When I first started taking photos in the inner city, the number of store front churches also caught my eye. Denominations such as M.B., A.M.E. and Apostolic meant nothing to me. In a way it is ironic to me because at one point I attended a store front synagogue that didn't look all that much different.
In these parts of Chicago, all it seems you need to run a church is a can or two of paint, a storefront on a main street and a preacher or minister. I've wondered how many people attend services at some of these churches and how the bills get paid. I photograph as many of these churches as I can on my outings. Some are funky, some loud, some a bit sad. I probably have well over a hundred pictures. I'm looking forward to seeing how these places change over time as the neighborhoods they are located in are nothing if not transitory.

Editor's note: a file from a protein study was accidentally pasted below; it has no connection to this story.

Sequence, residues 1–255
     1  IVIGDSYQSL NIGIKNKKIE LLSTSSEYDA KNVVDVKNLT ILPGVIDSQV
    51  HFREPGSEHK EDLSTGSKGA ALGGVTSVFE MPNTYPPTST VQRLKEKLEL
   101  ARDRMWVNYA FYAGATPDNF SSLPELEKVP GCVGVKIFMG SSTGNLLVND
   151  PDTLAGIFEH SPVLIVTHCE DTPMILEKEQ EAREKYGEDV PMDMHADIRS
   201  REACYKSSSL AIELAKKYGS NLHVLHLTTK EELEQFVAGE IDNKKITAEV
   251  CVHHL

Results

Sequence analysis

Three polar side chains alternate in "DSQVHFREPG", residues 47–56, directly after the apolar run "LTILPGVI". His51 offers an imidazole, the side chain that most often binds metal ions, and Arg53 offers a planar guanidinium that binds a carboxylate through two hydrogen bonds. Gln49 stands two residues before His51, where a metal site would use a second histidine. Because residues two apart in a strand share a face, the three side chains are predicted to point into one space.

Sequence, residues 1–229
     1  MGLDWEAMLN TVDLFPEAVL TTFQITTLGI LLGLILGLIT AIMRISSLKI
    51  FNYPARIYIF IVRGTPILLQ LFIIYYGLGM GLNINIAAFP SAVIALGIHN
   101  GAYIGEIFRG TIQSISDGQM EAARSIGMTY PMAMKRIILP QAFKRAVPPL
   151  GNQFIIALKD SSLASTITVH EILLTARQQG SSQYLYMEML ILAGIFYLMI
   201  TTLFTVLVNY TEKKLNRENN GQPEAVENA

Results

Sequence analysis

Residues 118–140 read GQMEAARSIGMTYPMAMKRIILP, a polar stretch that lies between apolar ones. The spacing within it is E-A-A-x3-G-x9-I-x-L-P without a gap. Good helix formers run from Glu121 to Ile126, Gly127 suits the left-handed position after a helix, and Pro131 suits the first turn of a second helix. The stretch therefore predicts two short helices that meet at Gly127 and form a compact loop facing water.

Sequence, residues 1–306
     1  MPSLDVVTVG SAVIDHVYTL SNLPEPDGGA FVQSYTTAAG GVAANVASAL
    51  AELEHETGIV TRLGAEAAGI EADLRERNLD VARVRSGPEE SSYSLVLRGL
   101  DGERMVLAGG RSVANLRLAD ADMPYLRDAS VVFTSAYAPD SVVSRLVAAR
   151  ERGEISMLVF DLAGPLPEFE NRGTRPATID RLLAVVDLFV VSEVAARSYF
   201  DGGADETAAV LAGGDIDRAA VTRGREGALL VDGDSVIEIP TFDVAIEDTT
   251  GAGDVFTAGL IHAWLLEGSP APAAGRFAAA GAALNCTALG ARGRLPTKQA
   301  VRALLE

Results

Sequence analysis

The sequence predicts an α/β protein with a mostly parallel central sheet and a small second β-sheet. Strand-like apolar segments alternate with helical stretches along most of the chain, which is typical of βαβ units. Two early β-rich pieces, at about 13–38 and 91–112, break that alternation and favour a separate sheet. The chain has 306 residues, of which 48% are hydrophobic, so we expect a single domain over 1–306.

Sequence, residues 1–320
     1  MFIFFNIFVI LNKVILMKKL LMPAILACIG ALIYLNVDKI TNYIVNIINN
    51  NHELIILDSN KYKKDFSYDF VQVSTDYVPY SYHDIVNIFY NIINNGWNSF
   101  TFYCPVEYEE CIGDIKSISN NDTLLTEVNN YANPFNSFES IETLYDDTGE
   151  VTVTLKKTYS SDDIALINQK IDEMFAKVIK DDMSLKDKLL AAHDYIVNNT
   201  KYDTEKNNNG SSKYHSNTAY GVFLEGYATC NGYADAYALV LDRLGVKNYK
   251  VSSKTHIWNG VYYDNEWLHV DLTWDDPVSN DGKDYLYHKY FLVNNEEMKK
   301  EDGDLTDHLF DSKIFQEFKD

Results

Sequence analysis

Leave the main street and things become a bit grimmer. There are the usual mix of brick, frame and greystone homes. Many are clearly remnants of a richer era. On some streets half the homes are boarded over. Young men hang out on the street tinkering with cars. One day I saw cash changing hands. I hoped it was someone paying someone back for cigarettes but I feared otherwise. The same day I slowed to take a picture of a vacant house with broken windows and saw someone looking out at me. I doubt it was the homeowner doing a little rehabbing. Yesterday in the place of a neighborhood block sign, I saw a t-shirt with the words RIP. I didn't slow to see whose name was there. It might have been a child's. On the major corners are liquor stores with older men holding brown bags hanging around outside. Sometimes you see kids and women but mostly men and teenage boys.